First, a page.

Oil prices rallied early on Monday after weekend attacks on Saudi Arabia’s crude, according to ZAWYA
Brent crude soared 13% at $68.06 after earlier rising to $71.95, it said.
U.S. crude futures were last up 11% at $61.10 a barrel.
The coordinated strikes on key Saudi Arabian oil facilities (at 2 Aramco sites) knocked out half of the country’s oil capacity, more than 5 million barrels a day. That’s about 5% of the world’s daily global oil supply, so oil prices shot up.
Christopher Dembik, Head of Macro Analysis, Saxo Bank said: “Following the events in Saudi Arabia, well-informed market participants expect that oil prices may increase by $5-10 per barrel in the Asian session.
There is higher pressure on Chinese Yuan (CNY), but also negative for Turkish Lira (TRY) and Indian Rupee (INR) due to elevated current account deficits.
Too early to assess the exact macro impact but it is bright clear we don’t need an oil shock.”
According to Hussein Sayed, Chief Market Strategist at FXTM, this week was supposed to be centered on monetary policy decisions from the US, UK, Japan and Switzerland central banks, Brexit negotiations and developments in US-China trade talks.
The weekend’s drone attacks on Saudi Arabia’s critical crude processing plant have now taken the spotlight.
“Such an event may have far more catastrophic consequences on the world economy than any other event which has occurred over the past couple of years,” Sayed Said.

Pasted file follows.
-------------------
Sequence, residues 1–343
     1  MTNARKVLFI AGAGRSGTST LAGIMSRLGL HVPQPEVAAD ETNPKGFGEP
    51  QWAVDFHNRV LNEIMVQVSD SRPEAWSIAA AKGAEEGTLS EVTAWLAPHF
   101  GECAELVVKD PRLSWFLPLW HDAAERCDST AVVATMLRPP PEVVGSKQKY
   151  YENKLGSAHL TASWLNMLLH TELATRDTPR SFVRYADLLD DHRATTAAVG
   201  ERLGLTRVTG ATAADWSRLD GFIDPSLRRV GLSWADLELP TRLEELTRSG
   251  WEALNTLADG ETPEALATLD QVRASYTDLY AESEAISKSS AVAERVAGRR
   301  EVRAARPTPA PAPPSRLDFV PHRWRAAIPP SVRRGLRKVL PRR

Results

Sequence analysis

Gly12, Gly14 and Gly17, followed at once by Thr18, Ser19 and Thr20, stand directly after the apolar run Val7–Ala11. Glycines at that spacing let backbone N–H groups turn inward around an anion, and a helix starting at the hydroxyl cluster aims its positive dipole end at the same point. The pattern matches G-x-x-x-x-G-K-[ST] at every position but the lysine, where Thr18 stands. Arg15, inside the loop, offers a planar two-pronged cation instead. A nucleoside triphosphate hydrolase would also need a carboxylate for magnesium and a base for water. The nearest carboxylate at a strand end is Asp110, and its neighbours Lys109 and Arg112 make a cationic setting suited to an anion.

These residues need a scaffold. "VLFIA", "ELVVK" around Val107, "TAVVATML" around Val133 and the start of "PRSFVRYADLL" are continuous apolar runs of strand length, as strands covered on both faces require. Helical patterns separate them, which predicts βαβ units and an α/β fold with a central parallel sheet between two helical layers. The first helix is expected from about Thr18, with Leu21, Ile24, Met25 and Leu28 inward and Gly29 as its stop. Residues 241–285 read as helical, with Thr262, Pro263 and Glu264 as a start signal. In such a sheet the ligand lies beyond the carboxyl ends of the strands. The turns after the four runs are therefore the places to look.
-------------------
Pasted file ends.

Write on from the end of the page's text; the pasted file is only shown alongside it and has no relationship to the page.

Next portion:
He added that the attack has caused a disruption of 5.7 million barrels a day and oil prices soared 20% as markets reopened to trade near $72 a barrel but gave up half its gains five hours later.
“The price shock seen today is the largest in almost three decades since Saddam Hussein invaded Kuwait back in the 1990s. Such a reaction in price suggests that we are currently facing an unprecedented threat to oil supplies that could reverberate through the global economy,” Sayed said.
“The market has suddenly shifted from being oversupplied to undersupplied, and even if we combine all the spare global capacity available, that won’t make up half the current disruption. However, Saudi Arabia has a significant volume of oil in storage that will keep exports flowing and the US has stated it may even tap into its Strategic Petroleum Reserve if needed.”
The longer the disruption goes on, the more damage will be felt.
“Three days ago, oil prices hitting $100 a barrel was almost an impossible scenario. Not anymore. That’s not just because of the current disruption from Saudi Arabia, but the fact that the chances of military conflict in the region have risen dramatically. If investors begin pricing in the possibility of an attack against Iran’s crude infrastructure, oil may quickly hit the $100 benchmark.”